What to do when encountering shipwrecked parties in the sea of workers’ compensation
A plant worker at a chemical manufacturer was involved in an explosion that killed a co-worker and caused partial and full thickness burns that covered 30 percent of his body, including parts of his torso, face and extremities. During a home visit following his discharge from the rehabilitation facility, he made a statement verging on the incredulous. “I have been with the company for over 25 years, never missed a day of work, and always came in when they called,” he said. “I willingly worked overtime when asked and I didn’t even get a Christmas card from them this year.”
According to this worker, his employer traditionally sent all of the employees a Christmas card every year. After his work accident, he became angry with his employer because he felt that he was forgotten.The man had become a casualty of the “out of sight, out of mind” syndrome that affected his company.
The employee’s words were shared with the corporate executives of his company during a claim review.The executives took the words to heart, as they were familiar with the high-profile accident and this particular employee. After a review of their loss-management program, it was evident that the employees who were off work due to a work-related injury had fallen through the cracks of their system. Contact and communication with the work-injured employees had been lost.The company executives subsequently
took steps to develop and implement fundamental changes in their work injury management program.The company became committed to the idea that no work-injured employee would have a similar experience. Because of this employer’s commitment to keeping in touch with employees, the loss-management program protocol was changed to reflect that commitment. From this profound experience evolved a case management philosophy that would be imprinted on all future cases — the “Four C’s” — Continuous, Communication, Coordination and Creativity.These four criteria are critical factors to the successful recovery and return to work of an injured worker.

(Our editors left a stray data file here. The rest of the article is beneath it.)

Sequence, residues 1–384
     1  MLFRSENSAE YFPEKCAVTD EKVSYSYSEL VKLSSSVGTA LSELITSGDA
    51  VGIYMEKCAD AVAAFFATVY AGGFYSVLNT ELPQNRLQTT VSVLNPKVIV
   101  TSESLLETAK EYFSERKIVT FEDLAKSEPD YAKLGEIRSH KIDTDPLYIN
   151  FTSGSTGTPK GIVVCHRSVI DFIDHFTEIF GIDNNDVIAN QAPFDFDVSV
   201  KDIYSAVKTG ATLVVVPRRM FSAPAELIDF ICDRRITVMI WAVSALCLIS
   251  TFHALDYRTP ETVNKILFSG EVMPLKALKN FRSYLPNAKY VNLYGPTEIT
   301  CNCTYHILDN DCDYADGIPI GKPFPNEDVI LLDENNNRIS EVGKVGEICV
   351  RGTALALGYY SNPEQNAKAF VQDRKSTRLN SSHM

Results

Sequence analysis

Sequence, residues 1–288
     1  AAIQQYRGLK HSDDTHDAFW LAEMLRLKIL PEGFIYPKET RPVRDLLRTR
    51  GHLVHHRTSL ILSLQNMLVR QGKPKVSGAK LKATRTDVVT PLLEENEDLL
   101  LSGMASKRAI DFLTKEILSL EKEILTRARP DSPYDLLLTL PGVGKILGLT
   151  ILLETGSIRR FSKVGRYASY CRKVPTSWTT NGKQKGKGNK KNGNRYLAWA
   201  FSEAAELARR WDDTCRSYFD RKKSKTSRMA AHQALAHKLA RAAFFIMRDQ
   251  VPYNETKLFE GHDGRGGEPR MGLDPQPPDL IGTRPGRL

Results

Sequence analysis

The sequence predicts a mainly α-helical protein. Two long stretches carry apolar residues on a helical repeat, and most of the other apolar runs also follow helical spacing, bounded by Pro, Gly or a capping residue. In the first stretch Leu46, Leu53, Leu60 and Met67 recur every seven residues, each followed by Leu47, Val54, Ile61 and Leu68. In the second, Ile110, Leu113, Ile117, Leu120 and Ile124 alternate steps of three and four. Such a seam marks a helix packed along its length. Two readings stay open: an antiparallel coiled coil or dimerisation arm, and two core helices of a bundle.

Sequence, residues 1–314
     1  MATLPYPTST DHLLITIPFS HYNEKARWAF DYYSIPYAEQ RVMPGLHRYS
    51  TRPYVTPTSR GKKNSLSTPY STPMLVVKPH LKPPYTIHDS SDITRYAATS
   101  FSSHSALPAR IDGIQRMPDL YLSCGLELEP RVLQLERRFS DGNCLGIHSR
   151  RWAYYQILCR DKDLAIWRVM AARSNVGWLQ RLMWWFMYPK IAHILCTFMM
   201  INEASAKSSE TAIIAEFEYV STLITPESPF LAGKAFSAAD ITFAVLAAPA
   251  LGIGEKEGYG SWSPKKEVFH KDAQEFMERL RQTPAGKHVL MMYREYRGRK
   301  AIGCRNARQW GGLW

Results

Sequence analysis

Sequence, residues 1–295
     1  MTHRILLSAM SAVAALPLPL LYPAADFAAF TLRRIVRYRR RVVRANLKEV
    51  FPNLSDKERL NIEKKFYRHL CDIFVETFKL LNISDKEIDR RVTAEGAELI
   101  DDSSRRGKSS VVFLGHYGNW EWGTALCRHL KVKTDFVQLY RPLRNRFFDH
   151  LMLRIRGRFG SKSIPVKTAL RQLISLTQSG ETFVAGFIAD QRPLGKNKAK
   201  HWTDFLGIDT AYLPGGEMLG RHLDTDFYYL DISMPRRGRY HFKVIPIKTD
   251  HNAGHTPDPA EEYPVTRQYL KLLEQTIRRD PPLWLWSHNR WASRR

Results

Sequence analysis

- Medical case managers should be familiar with the many benefits of timely and regular contact with an injured worker by the employer following an injury
- Continuous contact and communication with the employee can:
- Build the injured employee’s sense of belonging, self-confidence and overall wellbeing through a positive recovery experience.
- Enhance the employee’s physical and psychological recovery while preparing them to return to gainful productivity.
- Minimize the chances of the worker seeking legal counsel, which in turn can reduce the potential claim cost exposure.
- Control medical care costs by minimizing “care seeking” by the employee.
- Facilitate a successful return to work outcome that is a win-win situation for all.
When an accident happens, a phone call or a personal visit by the employer, especially if the worker is hospitalized, can go a long way to demonstrating that the company cares about the employee.This demonstration of concern and caring can help avoid the development of ill feelings, which can in turn morph into litigation. Employees often seek legal representation because they have questions and fears or are angry about their work injury. Often they don’t know what to expect from the system or whether they will have a job upon return.When the employee does not get answers to his questions, he feels he has been forgotten by his employer or claims representative, and believes that an attorney can provide answers. Employers who have a formalized return to work program that includes continuous communication requirements are the most successful, and typically have lower loss costs.